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OHNTRUP v. FIREARMS CTR. INC.

June 30, 1981

Robert and Beverly OHNTRUP
v.
FIREARMS CENTER INCORPORATED et al. v. MAKINA VE KIMYA ENDUSTRISI KURUMU



The opinion of the court was delivered by: POLLAK

MEMORANDUM

Plaintiffs Robert and Beverly Ohntrup commenced this action on March 11, 1976 to recover, under theories of warranty, product liability and negligence, for injuries allegedly sustained by Robert Ohntrup when a gun he was using malfunctioned. Plaintiffs, citizens of Pennsylvania, invoked the diversity jurisdiction of this court to bring suit against Firearms Center Incorporated ("FCI") and the Waynes, citizens of Texas, from whom plaintiffs had purchased the allegedly defective gun. On August 30, 1976, these defendants impleaded Makina ve Kimya Endustrisi Kurumu ("Makina"), a Turkish corporation whose stock is wholly owned by the Turkish Government, on the ground that Makina had manufactured the gun and sold it to defendants. Plaintiffs amended their complaint, on December 21, 1977, to include claims against Makina. On the eve of trial, Makina moved to dismiss the claims against it on the ground that it is entitled to invoke sovereign immunity, hence depriving this court of jurisdiction over the claims asserted against it.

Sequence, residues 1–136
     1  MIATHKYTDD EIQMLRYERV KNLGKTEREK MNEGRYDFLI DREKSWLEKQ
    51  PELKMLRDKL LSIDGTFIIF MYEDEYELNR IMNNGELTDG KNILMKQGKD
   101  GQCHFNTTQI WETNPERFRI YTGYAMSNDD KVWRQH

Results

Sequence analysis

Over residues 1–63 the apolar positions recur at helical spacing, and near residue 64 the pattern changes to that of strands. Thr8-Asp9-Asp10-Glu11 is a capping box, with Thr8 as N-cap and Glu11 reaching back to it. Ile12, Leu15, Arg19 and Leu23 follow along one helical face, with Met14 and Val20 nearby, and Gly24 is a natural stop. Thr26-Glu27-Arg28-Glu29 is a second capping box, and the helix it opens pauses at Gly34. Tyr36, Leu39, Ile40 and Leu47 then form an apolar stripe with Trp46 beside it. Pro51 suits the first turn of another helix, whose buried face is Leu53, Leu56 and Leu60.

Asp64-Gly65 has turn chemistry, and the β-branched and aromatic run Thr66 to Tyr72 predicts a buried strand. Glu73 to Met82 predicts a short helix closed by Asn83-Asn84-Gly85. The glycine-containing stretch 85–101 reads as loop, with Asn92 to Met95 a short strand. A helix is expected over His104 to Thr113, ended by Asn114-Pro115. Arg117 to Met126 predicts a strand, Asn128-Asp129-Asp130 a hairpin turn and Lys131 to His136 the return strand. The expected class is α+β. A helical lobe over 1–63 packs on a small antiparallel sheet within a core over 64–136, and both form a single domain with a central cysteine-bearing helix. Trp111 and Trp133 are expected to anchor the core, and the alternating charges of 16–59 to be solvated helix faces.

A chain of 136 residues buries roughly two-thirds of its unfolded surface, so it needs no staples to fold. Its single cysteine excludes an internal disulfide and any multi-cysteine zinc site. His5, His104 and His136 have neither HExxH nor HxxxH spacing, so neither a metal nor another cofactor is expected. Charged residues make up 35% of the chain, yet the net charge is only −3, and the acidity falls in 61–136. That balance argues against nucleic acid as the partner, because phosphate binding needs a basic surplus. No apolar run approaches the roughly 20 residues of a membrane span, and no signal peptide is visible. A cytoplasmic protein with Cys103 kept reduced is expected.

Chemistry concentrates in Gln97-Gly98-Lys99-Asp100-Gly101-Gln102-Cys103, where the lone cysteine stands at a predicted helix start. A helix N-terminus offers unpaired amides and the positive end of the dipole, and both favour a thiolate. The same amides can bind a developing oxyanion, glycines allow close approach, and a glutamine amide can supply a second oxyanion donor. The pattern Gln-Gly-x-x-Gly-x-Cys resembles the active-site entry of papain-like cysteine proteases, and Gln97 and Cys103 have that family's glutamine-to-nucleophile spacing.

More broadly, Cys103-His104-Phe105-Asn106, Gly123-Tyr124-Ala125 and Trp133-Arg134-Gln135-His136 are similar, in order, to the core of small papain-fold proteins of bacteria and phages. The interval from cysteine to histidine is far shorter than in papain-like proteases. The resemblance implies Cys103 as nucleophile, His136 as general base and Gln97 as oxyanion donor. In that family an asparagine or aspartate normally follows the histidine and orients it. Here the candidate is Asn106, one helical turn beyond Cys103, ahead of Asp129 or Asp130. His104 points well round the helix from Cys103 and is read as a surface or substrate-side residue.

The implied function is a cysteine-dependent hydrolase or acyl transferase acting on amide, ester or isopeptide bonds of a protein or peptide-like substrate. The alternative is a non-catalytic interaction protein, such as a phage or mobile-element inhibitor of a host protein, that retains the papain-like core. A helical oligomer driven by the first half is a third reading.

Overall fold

A. Sovereign Immunity Goes to The Subject-Matter Jurisdiction of the Court.

 Makina's motion to dismiss was untimely, and Makina more than once failed to comply with this court's directions as to the filing of the papers required for the determination of the motion. Therefore, in a letter dated December 18, 1980, Makina was notified by the court that non-compliance with the directions contained in that letter would be deemed to be a waiver by Makina of its defense of sovereign immunity. As Makina failed to comply with the directions contained in that letter, the first question to be determined is whether the court may decline to entertain the defense of sovereign immunity or whether, as contended by Makina, sovereign immunity goes to this court's subject-matter jurisdiction. This requires an initial determination of whether the Foreign Sovereign Immunities Act of 1976 (the "Act"), 28 U.S.C. §§ 1330, 1602 et seq. governs the entire action, or whether it applies only to the plaintiffs' claims against Makina, which were filed after the effective date of the Act, and not to FCI's third-party claims, which were filed prior to that date.